Volume Editors: and
Contests over heritage in Asia are intensifying and reflect the growing prominence of political and social disputes over historical narratives shaping heritage sites and practices, and the meanings attached to them. These contests emphasize that heritage is a means of narrating the past that demarcates, constitutes, produces, and polices political and social borders in the present. In its spaces, varied intersections of actors, networks, and scales of governance interact, negotiate and compete, resulting in heritage sites that are cut through by borders of memory.

This volume, edited by Edward Boyle and Steven Ivings, and with contributions from scholars across the humanities, history, social sciences, and Asian studies, interrogates how particular actors and narratives make heritage and how borders of memory shape the sites they produce.
Genre, Print Culture and Knowledge Formation, 1902–1912
Author:
Unlike previous studies that have examined the late Qing utopian imagination as an ahistorical motif, a literary theme, and a translation phenomenon, in this book Shuk Man Leung considers utopian fiction as a knowledge apparatus that helped develop Chinese nationalism and modernity. Based on untapped primary sources in Chinese, English, and Japanese, her research reveals how utopian imagination, blooming after Liang Qichao’s publication of The Future of New China, served as a tool of knowledge formation and dissemination that transformed China’s public sphere and catalysed historical change.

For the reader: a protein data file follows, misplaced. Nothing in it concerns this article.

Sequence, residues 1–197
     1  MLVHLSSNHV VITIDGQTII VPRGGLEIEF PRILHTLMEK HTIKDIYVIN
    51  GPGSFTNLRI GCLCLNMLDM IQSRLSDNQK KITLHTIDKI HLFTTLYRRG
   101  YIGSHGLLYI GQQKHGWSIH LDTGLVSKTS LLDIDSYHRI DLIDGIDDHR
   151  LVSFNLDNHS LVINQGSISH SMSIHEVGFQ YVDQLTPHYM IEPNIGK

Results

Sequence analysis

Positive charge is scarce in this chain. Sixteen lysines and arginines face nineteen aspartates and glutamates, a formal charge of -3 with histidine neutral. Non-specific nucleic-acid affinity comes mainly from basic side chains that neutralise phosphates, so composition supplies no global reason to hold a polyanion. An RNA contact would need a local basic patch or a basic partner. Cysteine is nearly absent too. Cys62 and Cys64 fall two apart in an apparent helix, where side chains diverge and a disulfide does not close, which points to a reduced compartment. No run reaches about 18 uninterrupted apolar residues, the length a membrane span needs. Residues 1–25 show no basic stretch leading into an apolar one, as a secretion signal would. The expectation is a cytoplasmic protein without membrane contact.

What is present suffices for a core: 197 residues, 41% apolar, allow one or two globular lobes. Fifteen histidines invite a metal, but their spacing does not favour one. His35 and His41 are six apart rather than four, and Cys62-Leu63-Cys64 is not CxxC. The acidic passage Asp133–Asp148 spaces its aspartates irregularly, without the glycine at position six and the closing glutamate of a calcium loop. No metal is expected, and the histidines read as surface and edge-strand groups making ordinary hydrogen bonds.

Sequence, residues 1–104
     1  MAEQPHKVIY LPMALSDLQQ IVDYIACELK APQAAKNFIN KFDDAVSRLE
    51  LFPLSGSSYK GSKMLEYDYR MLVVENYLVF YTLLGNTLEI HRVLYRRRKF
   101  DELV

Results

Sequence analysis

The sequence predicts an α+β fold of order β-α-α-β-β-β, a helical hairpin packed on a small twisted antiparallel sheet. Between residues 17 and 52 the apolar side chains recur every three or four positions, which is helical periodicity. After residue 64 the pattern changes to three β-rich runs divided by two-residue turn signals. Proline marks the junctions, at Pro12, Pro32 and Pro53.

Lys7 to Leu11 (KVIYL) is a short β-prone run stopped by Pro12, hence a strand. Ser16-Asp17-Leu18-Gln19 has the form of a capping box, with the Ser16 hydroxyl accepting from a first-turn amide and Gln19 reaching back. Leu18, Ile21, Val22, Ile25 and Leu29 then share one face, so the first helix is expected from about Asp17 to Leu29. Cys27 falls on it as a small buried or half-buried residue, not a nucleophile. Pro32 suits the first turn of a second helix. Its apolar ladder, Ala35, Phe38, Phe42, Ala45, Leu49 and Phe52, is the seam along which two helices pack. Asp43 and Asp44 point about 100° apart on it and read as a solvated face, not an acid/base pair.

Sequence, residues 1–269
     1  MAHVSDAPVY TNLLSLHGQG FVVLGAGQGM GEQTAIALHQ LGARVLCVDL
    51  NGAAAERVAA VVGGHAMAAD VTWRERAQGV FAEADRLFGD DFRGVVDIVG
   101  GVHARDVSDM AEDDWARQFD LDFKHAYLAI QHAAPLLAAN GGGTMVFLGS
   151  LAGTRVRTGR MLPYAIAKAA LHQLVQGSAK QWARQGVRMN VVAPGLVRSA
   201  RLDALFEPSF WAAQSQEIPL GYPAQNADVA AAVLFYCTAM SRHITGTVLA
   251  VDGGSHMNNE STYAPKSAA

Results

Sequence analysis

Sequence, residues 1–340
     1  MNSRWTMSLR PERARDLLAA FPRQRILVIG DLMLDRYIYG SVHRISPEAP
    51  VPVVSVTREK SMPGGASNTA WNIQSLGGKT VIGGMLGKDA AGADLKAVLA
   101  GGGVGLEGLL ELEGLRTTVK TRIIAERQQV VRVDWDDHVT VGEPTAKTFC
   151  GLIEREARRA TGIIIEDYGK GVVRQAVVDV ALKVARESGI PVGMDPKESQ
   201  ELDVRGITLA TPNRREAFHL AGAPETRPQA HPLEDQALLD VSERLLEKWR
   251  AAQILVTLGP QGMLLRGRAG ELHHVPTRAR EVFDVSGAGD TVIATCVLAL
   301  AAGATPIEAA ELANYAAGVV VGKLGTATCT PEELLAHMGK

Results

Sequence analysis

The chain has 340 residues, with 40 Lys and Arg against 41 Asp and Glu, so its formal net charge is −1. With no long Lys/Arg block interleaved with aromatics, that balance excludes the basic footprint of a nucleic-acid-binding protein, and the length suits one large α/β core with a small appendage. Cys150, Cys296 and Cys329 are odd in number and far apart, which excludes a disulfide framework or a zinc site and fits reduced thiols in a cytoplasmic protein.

Embracing interdisciplinary approach from genre studies, studies on modern Chinese newspapers and intellectual history, this book provides an analysis of the development of utopian literary practices, epistemic meanings, and fictional narratives and the interactions between traditional and imported knowledge that helped shape the discourse in early 20th century China.